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Journalists on trial for reporting on politicians' secret conversations

(BIANET/IFEX) - 1 July 2010 - On 28 June, the Istanbul 13th High Criminal Court began hearing a case against Deniz Yildirim, editor-in-chief of the weekly "Aydınlık" magazine, and Ufuk Akkaya from the National Channel. The journalists appeared before the court for the first time after spending eight months in detention.

Yildirim and Akkaya were detained on 9 November 2009 after they reported on illegally recorded telephone conversations that took place between Prime Minister Recep Tayyip Erdoğan and the former president of Northern Cyprus, Mehmet Ali Talat, in 2004.

The homes and offices of both defendants were searched on 19 October 2009. Twenty days later, they were detained and accused of "membership in the Ergenekon terror organization and engaging in activities on behalf of the organization".

The Ergenekon organisation is said to have planned to overthrow the government by creating chaos in the country via murders and attacks.

Ergenekon prosecutor Zekeriya Öz had called for the detention of both journalists under charges of "disclosing pictures and audio material of a private nature", recording non-public conversations" and "illegally obtaining or publishing personal data".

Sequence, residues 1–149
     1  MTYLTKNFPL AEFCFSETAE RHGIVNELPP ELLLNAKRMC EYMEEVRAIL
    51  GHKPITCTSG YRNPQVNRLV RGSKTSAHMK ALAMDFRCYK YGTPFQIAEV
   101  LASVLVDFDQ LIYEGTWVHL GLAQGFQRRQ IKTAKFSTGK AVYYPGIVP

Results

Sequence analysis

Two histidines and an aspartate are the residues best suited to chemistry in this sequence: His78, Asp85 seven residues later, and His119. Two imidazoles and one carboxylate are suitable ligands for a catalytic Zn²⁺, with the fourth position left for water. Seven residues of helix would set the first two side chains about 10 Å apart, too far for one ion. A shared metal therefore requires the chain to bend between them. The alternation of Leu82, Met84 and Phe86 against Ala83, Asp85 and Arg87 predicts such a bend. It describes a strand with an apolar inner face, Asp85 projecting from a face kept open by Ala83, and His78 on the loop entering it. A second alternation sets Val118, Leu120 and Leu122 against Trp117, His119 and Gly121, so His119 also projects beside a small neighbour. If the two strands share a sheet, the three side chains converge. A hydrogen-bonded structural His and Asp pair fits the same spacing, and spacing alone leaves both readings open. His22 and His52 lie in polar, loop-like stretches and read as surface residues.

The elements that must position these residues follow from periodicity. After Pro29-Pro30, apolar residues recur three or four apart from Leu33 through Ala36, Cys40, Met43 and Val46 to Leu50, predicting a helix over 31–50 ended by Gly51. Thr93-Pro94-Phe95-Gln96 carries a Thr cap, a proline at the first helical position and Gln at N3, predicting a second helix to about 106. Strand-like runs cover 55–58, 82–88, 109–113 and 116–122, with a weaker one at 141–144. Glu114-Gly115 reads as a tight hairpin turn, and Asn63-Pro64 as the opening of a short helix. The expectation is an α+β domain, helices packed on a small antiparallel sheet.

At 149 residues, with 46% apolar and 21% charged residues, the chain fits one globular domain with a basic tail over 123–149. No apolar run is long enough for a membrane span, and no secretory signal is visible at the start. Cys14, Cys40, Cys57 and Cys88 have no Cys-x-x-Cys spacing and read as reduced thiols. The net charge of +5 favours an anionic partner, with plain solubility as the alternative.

Yildirim and Akkaya stated in the hearing that they reported on the conversations because it was a matter of public interest. They suggested that they had been detained on the Prime Minister's orders.

"We followed the daily coverage of the wiretapping of members of the Supreme Court and generals which was published in the newspapers, and in supportive newspapers and TV channels in particular. Has any investigation been launched into those cases?" the defendants argued.

In a conversation with journalist Nail Gureli, the general publications director for the National Channel, Turhan Özlü, said, "taped voice recordings by the General Chief of Staff, Gen. İlker Başbuğ, and manipulated documents about state secrets were delivered by people in their capacity as journalists. But these two journalists published telephone conversations that Erdoğan denies ever existed and they are charged with 'membership in a terrorist organization'. Publishing the news made them guilty."

In the same article, Gureli recalled that Mustafa Balbay, the Ankara correspondent for "Cumhuriyet" newspaper, has been in detention for 482 days. He demanded the release of many journalists being detained for reporting on Ergenekon, such as Tuncay Ozkan and Dogu Perincek.

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